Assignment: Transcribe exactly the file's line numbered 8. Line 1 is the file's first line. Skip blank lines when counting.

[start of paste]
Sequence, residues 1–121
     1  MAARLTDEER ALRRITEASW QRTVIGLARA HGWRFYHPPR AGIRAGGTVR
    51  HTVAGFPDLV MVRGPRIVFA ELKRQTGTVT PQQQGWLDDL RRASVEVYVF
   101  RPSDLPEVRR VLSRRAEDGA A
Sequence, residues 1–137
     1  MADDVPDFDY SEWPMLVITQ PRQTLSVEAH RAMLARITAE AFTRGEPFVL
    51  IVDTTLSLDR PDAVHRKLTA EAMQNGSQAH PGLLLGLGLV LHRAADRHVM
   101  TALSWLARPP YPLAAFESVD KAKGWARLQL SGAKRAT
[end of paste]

   101  TALSWLARPP YPLAAFESVD KAKGWARLQL SGAKRAT